Wednesday, January 19, 2011

Jahn-Teller without symmetry

Generally, one only thinks of the Jahn-Teller effect in the context of systems which have certain discrete symmetries leading to degenerate energy eigenvalues. However, one can take a different perspective on the applicability of the theoretical machinery which has been developed for treating such problems. This point is made at the beginning of an extensive review by Bersuker:
I begin this review with a statement that the so-called Jahn-Teller (JT) effect (hereafter JTE), pseudo- JTE (PJTE), and Renner-Teller effect (RTE), jointly JT vibronic coupling effects, are not limited to a restricted variety of molecular polyatomic systems in specific electronic states, as it is often presented in the literature. In fact... the JT vibronic coupling theory is an approach to (a tool for) solving molecular and crystal problems, which is in principle applicable to any system with more than two atoms. Practically, this approach is most efficient when there are two or more coinciding (degenerate) or relatively close in energy (pseudo-degenerate) electronic states that become sufficiently strongly mixed when the nuclei displace from their initial reference configuration.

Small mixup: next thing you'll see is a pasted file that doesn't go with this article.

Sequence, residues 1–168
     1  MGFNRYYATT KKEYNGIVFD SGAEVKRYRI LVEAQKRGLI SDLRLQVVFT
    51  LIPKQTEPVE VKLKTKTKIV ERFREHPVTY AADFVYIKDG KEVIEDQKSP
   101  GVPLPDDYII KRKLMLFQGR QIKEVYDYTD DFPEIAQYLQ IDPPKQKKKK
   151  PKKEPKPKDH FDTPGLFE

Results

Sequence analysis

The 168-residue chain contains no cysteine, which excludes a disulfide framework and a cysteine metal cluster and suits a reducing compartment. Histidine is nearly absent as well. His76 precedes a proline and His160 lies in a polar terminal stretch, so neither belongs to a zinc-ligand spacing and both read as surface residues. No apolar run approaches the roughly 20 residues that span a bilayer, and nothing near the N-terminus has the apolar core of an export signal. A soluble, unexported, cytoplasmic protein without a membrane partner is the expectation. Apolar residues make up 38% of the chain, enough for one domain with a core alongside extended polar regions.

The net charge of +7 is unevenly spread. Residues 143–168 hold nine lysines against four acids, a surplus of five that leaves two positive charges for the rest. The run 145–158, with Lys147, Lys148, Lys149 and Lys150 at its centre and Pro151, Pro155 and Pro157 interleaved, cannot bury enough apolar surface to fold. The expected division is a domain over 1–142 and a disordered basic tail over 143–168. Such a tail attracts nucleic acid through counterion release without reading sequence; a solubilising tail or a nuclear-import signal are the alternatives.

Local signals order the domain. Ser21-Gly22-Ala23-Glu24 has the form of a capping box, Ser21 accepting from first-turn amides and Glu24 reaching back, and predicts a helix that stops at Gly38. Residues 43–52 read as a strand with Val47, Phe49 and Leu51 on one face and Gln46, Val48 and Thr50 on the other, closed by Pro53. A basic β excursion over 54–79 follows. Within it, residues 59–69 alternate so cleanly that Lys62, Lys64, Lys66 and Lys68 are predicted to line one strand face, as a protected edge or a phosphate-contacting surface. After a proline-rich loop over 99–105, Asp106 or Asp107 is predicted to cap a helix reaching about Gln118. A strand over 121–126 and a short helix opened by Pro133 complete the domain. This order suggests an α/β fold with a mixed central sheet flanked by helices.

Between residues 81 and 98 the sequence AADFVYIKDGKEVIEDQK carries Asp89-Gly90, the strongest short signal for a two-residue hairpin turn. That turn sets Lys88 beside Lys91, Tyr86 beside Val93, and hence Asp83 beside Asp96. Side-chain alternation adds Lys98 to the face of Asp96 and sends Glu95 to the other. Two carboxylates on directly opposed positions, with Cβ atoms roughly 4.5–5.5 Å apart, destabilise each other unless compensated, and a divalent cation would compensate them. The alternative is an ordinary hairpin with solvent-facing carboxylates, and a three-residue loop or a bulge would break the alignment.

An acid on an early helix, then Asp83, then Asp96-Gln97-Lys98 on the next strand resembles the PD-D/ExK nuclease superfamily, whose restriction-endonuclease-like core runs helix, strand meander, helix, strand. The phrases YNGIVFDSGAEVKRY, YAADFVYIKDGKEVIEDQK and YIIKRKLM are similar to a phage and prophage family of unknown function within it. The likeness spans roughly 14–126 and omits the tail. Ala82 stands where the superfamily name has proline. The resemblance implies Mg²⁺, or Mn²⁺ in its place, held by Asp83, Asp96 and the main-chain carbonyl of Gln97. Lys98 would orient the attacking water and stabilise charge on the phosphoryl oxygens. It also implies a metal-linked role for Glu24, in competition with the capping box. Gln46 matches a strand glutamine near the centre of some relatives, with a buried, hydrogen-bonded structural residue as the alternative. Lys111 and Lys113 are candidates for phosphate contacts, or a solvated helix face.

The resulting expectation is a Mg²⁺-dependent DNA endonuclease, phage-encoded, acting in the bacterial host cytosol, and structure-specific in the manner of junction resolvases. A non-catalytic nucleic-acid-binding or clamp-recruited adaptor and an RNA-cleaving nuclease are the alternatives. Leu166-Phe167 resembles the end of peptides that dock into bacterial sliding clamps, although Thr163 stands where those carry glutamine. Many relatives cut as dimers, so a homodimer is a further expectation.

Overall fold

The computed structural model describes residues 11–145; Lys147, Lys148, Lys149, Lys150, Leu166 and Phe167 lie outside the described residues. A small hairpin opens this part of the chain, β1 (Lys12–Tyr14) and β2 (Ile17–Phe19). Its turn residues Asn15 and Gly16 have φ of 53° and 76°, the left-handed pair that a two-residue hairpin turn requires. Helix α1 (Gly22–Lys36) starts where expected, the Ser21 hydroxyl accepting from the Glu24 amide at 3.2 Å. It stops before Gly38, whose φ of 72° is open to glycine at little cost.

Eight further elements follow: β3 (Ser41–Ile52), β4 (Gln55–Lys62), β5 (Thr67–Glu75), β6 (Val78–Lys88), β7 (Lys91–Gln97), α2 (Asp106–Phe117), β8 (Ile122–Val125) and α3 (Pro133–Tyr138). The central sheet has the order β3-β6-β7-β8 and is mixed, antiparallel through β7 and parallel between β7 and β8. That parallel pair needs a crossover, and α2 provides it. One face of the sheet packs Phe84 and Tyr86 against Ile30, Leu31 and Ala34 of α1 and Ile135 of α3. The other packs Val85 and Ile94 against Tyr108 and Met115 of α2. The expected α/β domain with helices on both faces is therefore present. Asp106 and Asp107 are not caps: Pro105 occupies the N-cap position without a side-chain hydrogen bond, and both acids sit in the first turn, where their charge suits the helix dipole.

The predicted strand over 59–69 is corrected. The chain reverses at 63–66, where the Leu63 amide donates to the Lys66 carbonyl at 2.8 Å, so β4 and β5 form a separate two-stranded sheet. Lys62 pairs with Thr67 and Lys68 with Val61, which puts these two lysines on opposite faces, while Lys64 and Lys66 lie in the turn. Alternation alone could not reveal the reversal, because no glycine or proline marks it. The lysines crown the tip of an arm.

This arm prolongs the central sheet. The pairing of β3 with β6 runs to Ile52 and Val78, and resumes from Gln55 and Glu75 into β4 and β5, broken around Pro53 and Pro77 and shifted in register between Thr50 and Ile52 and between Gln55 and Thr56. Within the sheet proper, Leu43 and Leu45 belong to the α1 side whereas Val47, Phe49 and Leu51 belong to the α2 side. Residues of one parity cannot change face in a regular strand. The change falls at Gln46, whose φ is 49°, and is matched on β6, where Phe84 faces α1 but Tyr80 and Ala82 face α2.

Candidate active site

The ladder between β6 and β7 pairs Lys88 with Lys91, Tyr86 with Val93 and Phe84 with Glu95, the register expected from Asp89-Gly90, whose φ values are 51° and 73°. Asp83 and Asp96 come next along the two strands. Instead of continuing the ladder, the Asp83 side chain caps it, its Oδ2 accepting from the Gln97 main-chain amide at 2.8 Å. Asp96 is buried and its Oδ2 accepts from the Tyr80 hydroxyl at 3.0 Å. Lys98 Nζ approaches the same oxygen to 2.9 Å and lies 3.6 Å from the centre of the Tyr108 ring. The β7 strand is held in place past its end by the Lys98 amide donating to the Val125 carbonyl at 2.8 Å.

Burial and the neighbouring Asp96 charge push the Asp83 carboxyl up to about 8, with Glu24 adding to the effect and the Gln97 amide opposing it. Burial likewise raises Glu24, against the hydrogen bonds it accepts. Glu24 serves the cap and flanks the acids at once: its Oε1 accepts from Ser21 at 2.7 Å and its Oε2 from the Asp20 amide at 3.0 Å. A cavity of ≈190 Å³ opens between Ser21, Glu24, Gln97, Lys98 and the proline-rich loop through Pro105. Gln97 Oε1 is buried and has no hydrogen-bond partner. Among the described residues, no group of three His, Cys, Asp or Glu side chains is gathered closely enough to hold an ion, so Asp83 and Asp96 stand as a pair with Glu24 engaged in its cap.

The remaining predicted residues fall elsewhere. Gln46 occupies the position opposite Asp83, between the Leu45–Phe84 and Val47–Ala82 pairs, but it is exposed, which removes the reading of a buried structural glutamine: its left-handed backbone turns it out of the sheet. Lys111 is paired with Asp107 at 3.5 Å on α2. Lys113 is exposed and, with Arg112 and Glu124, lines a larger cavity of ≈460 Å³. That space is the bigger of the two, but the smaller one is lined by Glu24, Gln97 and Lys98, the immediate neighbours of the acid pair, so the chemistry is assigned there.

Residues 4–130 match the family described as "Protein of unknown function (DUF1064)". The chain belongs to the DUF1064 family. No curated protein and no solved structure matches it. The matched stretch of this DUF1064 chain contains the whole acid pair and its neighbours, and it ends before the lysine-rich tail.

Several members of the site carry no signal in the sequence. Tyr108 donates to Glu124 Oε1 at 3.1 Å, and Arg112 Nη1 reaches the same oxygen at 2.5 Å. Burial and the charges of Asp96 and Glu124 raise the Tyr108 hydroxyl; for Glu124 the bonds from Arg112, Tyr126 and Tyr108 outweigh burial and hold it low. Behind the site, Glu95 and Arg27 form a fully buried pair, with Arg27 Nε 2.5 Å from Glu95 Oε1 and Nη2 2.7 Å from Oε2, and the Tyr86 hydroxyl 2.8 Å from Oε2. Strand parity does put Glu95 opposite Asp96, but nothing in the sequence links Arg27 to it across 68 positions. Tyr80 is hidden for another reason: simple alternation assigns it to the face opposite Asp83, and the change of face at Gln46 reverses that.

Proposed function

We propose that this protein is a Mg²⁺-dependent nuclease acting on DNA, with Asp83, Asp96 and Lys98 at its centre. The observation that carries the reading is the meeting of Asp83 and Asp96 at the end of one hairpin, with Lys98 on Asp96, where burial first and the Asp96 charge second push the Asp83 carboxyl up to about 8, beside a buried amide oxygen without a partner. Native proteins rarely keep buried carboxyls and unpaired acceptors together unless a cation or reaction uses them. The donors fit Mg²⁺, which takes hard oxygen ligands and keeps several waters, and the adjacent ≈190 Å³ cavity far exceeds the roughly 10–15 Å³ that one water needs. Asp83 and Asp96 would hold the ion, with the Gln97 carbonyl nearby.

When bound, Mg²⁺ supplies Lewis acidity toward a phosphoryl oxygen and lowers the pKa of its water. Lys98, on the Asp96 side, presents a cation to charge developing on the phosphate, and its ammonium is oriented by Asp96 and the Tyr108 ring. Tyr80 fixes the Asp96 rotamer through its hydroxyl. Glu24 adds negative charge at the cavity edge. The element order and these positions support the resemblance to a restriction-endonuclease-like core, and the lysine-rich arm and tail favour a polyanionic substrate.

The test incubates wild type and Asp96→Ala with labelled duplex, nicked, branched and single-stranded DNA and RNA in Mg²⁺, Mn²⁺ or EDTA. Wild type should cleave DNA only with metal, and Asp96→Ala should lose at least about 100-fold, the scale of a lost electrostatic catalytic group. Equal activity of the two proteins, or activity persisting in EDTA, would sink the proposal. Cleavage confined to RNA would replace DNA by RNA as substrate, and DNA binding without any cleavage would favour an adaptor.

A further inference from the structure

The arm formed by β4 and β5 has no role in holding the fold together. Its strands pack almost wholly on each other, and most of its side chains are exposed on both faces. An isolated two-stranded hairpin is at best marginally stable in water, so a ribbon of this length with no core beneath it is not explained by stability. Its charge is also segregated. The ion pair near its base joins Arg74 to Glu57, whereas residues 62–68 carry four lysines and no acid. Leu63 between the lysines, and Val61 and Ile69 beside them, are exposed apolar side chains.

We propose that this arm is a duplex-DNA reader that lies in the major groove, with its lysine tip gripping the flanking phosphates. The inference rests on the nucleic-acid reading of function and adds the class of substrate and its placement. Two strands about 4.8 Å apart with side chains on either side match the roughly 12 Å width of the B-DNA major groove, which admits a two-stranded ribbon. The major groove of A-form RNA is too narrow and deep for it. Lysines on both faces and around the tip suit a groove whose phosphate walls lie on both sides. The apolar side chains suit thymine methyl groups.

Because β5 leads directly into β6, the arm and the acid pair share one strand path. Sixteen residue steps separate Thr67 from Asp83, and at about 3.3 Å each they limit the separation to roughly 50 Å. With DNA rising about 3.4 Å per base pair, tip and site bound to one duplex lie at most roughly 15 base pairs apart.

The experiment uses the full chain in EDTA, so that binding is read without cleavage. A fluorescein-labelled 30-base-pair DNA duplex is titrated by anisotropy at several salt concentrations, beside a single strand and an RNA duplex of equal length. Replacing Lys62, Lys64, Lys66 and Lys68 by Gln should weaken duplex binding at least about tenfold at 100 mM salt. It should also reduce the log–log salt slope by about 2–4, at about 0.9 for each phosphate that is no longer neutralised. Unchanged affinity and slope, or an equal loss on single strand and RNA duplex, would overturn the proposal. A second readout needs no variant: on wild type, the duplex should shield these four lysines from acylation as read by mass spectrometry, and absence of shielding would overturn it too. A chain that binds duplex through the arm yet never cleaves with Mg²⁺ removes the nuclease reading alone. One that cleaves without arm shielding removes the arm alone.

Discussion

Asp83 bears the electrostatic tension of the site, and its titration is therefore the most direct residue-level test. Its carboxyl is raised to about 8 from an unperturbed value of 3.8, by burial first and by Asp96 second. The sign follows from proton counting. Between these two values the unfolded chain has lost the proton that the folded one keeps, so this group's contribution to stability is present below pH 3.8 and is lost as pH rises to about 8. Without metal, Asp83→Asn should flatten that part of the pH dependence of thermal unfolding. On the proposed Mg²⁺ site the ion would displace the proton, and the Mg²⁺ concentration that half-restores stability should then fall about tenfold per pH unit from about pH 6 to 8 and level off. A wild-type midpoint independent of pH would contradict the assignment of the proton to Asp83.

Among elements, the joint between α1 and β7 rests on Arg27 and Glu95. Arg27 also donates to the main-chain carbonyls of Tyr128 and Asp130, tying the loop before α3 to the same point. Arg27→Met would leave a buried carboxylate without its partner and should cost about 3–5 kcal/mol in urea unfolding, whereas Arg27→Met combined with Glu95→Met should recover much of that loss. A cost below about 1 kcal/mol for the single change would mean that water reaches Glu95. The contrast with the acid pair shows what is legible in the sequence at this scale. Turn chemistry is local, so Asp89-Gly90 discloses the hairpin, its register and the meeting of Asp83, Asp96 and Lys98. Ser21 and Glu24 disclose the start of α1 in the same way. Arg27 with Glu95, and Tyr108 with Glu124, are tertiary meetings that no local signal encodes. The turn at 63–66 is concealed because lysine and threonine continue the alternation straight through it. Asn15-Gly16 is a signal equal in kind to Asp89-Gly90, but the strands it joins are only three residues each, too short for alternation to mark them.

This point is particularly important because of the ubiquity of conical intersections on potential energy surfaces for excited states of organic molecules.

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